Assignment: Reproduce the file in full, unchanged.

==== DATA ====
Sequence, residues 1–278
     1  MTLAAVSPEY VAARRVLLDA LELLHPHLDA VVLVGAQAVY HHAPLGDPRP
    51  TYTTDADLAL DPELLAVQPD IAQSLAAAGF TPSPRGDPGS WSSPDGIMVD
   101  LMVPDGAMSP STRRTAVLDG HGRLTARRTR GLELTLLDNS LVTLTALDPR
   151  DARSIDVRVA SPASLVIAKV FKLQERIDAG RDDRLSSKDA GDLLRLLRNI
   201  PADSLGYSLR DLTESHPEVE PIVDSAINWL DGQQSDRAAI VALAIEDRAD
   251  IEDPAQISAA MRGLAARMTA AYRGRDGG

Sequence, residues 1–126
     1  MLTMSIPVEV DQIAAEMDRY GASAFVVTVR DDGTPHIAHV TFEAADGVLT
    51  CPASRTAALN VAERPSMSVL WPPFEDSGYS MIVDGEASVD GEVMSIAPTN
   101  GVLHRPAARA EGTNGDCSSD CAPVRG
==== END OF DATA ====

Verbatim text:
Sequence, residues 1–278
     1  MTLAAVSPEY VAARRVLLDA LELLHPHLDA VVLVGAQAVY HHAPLGDPRP
    51  TYTTDADLAL DPELLAVQPD IAQSLAAAGF TPSPRGDPGS WSSPDGIMVD
   101  LMVPDGAMSP STRRTAVLDG HGRLTARRTR GLELTLLDNS LVTLTALDPR
   151  DARSIDVRVA SPASLVIAKV FKLQERIDAG RDDRLSSKDA GDLLRLLRNI
   201  PADSLGYSLR DLTESHPEVE PIVDSAINWL DGQQSDRAAI VALAIEDRAD
   251  IEDPAQISAA MRGLAARMTA AYRGRDGG

Sequence, residues 1–126
     1  MLTMSIPVEV DQIAAEMDRY GASAFVVTVR DDGTPHIAHV TFEAADGVLT
    51  CPASRTAALN VAERPSMSVL WPPFEDSGYS MIVDGEASVD GEVMSIAPTN
   101  GVLHRPAARA EGTNGDCSSD CAPVRG